The book began as a companion piece to our current temporary exhibition, which is called Gardens & Groves: George Washington’s Landscape at Mount Vernon, and is on view in our museum galleries through May 2016. Our goal in both of these projects is to help our visitors better understand the beautiful grounds that they encounter at Mount Vernon, first by learning to identify the specific elements that make up the landscape (such as the vistas, the bowling green, the gardens, etc.) and then by learning about how these elements were created by George Washington and the Mount Vernon slaves. As we worked on the publication, we realized that we had additional stories to tell about the landscape, for example, how it has evolved since Washington’s death, how it has been preserved by the Mount Vernon Ladies’ Association since 1860, and how archaeology has provided exciting new information about the upper garden.
Robert H. Smith Senior Curator at George Washington's Mount VernonPurchase the General in the Garden
I don’t know if he had the time for it, but he certainly made the time. When Washington arrived back at Mount Vernon in December of 1783, he had a lot on his plate, and it really took him the next year to sort out all of his business affairs that he had neglected for 8 long years. But somehow during that time Washington was also thinking about remaking the landscape. Washington’s letters to Tench Tilghman about the greenhouse were written in 1784, so we know the plan was being developed. By January 1785, George Washington had formulated a complete design concept, and it is clear from the pace of the work that he was simply implementing his design that year rather than thinking it out as he went along. That is why the landscape is so cohesive, symmetrical, and balanced. At the very same time, Washington was working on finishing the New Room which was only a shell of a space when he returned. These two major projects completed the Mount Vernon landscape and Mansion and they seem to have been long on his mind, but he wasn’t able to begin work until 1785. By the time Washington went to Philadelphia for the Constitutional Convention in the summer of 1787, he was largely done with his work on the landscape. That is what remains in place until 1799 and is what we interpret today.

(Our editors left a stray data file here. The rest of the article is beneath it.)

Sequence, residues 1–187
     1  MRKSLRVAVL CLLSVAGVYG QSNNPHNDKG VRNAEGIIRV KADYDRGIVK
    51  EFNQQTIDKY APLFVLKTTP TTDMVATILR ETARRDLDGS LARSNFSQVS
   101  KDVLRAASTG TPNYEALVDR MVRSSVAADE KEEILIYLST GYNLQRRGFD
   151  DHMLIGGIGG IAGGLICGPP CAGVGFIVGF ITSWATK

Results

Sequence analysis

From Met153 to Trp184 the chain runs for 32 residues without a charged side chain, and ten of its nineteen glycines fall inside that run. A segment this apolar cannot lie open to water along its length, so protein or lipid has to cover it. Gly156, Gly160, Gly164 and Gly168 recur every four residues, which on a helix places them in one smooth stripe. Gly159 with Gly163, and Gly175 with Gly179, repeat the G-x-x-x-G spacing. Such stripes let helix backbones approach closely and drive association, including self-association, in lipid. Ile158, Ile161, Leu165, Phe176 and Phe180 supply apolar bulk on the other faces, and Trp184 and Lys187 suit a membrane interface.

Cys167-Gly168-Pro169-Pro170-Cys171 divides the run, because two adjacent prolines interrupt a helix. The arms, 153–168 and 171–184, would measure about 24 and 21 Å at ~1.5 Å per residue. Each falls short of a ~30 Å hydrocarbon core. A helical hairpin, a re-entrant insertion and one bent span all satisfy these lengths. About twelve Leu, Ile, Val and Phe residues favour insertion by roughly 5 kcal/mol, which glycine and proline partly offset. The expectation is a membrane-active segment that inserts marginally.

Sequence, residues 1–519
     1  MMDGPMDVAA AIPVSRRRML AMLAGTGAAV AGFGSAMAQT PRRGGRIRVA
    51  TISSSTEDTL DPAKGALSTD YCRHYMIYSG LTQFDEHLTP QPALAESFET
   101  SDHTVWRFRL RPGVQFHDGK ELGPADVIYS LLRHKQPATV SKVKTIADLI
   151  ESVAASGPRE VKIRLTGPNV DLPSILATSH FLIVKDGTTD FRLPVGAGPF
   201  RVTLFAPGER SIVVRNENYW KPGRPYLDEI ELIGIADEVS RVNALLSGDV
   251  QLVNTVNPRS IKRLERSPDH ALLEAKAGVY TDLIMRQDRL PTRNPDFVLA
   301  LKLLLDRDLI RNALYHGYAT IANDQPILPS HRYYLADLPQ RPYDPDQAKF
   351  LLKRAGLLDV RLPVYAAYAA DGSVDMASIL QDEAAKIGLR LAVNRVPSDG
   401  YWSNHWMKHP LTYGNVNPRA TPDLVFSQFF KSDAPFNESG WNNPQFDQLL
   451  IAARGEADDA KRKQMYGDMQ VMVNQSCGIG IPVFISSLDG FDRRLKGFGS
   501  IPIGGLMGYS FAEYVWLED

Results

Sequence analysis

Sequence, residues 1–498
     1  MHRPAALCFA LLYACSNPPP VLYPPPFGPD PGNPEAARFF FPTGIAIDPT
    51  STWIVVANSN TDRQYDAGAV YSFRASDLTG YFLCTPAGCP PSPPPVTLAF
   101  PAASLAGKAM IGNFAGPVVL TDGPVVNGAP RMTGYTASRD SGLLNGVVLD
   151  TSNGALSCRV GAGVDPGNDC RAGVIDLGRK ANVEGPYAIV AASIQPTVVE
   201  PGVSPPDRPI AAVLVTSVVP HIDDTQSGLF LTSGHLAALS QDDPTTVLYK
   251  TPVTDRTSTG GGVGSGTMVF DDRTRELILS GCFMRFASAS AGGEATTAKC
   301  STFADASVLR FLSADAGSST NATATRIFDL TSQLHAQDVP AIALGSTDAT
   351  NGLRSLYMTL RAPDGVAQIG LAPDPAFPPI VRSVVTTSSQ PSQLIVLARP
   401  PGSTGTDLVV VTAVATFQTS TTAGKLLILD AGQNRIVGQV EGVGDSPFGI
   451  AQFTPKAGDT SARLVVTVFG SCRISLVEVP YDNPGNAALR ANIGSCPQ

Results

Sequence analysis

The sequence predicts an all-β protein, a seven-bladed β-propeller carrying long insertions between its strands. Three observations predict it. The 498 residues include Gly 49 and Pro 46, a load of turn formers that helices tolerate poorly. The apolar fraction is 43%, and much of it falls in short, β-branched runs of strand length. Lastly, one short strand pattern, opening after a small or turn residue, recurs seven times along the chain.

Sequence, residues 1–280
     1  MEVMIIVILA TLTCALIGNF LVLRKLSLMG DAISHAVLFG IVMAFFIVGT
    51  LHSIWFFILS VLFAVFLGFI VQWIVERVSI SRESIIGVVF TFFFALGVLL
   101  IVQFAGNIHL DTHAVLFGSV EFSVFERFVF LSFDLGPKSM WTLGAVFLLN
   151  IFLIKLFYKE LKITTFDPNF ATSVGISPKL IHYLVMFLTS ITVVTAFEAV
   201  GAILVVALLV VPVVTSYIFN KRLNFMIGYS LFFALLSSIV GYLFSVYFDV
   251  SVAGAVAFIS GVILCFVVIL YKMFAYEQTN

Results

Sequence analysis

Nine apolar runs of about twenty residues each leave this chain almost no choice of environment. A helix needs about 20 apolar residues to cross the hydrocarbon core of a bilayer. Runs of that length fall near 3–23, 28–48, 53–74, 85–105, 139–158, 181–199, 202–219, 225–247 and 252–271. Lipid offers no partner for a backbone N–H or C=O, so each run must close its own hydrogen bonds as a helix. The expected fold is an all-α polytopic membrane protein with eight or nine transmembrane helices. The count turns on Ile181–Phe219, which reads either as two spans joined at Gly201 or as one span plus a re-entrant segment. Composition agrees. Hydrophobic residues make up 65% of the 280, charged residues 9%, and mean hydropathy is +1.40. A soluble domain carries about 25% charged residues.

Associate Curator at George Washington's Mount VernonLearn More